For his work on nuclear fusion, physicist Michael Perry has built a very large laser. It’s beam packs a million billion watts—1000 times the power output of the entire United States. Of course, it lasts only a trillionth gadzillionth ck: real number pls of a second, which is why cities around the country don’t go dark when he does his experiments. But short as the blast is, it is long enough to obliterate lenses and mirrors used to focus the beam. What’s a physicist to do?
Last May, Perry and his colleagues at Lawrence Livermore National Laboratory in California announced that they had solved the problem by building a mirror out of hot electrically charged gas, also known as plasma. Perry starts by shining his laser beam onto a small mirror made of quartz. The laser vaporizes a thin layer of the quartz, which forms a cloud of plasma about the size of a half dollar. Electrons in the plasma, being lighter than ions, tend to move further out in front, forming a dense, highly reflective layer. The plasma forms so quickly—after absorbing only six percent of the laser beam—that there is still time left to reflect the remaining 94 percent of the beam. Plasmas have always been sort of tenuous, fuzzy things, like the corona of the sun, says Perry. But if you have a plasma with an abrupt interface to air, it will behave the same way as a metal mirror.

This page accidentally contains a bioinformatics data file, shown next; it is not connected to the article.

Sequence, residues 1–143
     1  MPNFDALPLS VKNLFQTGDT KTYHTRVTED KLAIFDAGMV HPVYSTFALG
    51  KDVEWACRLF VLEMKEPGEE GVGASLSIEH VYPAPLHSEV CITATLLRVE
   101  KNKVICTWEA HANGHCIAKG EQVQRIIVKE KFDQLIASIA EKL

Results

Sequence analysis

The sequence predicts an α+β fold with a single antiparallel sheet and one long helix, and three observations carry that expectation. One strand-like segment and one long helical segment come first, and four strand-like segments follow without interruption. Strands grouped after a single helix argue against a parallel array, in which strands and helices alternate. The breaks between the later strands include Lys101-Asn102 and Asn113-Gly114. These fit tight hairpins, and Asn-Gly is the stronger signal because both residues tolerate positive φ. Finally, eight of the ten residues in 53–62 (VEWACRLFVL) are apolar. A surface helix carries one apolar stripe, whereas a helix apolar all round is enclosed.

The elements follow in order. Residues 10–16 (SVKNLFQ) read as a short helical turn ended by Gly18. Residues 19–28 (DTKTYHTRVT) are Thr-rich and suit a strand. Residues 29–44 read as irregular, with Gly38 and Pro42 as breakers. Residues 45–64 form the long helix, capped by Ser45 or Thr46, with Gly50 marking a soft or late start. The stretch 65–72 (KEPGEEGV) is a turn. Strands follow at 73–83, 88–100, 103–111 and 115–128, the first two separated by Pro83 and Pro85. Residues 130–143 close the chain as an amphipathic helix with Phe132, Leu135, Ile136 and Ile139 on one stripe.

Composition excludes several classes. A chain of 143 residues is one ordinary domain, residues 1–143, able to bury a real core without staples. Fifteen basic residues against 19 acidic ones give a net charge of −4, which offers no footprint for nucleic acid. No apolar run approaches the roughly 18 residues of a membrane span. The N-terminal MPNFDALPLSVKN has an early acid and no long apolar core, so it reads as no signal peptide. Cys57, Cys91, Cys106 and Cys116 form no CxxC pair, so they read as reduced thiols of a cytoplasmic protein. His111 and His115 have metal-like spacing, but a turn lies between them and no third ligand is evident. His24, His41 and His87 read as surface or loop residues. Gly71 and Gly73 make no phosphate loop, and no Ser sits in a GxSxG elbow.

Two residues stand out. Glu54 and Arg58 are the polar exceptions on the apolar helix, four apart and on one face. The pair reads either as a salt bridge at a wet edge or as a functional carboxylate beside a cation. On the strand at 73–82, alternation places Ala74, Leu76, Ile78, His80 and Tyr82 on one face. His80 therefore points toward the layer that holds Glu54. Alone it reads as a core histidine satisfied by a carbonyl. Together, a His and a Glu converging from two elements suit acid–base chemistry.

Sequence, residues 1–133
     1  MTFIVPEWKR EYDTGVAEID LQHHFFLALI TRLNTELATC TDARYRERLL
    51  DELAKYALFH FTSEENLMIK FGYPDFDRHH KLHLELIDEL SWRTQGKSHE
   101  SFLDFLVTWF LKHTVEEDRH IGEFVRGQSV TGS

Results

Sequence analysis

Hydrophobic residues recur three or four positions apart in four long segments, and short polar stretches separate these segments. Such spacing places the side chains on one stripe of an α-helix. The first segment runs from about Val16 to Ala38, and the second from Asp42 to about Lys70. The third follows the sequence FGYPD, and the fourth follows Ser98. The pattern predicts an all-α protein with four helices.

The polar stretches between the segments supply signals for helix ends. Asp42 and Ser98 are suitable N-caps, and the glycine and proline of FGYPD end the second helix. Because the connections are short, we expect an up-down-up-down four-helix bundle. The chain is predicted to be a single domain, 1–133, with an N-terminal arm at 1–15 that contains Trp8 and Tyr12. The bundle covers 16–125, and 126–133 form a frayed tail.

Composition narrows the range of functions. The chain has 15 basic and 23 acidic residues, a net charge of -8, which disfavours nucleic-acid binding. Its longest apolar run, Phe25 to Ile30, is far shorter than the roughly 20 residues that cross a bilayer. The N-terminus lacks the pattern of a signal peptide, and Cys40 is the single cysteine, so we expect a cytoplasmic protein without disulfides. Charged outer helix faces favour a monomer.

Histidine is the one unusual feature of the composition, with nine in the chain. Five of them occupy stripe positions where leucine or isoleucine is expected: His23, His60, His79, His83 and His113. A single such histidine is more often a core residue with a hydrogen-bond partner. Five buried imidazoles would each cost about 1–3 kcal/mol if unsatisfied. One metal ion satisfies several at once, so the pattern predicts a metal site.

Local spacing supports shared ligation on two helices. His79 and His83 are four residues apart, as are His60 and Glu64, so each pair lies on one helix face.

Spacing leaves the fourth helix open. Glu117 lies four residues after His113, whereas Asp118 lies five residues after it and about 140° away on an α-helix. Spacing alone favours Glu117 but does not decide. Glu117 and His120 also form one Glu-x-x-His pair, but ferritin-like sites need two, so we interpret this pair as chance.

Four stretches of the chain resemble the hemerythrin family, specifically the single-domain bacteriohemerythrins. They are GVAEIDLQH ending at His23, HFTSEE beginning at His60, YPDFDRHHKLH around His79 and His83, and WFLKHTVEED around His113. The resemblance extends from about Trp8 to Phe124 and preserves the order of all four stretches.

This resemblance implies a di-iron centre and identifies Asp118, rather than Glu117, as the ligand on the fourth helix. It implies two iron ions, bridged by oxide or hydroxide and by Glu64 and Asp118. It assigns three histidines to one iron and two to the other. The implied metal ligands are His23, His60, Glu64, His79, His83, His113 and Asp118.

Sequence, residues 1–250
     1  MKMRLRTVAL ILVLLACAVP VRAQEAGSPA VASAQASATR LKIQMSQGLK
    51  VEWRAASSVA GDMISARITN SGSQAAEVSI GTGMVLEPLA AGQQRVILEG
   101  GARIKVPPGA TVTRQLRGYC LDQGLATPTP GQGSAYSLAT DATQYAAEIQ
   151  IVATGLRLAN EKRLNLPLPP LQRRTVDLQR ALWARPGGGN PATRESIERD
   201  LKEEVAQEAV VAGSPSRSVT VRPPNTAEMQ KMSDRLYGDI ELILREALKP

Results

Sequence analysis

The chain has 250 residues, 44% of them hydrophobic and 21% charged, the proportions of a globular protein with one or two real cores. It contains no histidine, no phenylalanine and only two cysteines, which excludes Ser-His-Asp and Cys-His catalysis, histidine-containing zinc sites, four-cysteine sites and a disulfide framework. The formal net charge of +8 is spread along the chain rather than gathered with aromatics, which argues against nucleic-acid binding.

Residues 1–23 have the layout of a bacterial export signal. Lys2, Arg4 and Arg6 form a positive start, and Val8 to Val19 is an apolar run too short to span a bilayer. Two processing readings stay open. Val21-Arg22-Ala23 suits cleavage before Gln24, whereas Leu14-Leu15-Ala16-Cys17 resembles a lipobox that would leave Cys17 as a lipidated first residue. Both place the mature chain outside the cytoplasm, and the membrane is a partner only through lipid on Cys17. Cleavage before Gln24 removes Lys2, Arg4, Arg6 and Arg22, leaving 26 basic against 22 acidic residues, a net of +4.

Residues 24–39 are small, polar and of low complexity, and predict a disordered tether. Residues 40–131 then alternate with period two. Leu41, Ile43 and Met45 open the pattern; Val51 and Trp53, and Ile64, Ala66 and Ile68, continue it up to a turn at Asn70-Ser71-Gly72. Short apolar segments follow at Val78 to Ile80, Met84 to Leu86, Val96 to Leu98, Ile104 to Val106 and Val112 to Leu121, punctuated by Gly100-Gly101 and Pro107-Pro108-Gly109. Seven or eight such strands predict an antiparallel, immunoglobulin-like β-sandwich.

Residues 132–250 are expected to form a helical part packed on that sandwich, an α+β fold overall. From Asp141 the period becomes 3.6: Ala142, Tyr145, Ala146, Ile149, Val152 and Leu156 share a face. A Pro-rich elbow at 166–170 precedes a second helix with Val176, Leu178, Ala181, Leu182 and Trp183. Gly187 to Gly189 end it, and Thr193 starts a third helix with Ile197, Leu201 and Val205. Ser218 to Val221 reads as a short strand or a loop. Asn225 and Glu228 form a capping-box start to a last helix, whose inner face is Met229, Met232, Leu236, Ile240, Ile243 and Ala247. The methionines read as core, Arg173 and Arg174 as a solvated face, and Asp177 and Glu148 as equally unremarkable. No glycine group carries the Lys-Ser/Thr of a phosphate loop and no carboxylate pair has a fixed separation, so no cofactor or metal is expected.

Once the laser ignites the little pellet of nuclear fuel, the resulting explosion destroys the plasma mirror. But that’s okay. The plasma mirror is so cheap to build, Perry can afford to replace it each time he runs his experiment. And having the plasma mirror there to direct the beam onto the target allows him to keep a second mirror——a large, rugged and expensively-built mirror designed to focus the beam—out of harm’s way.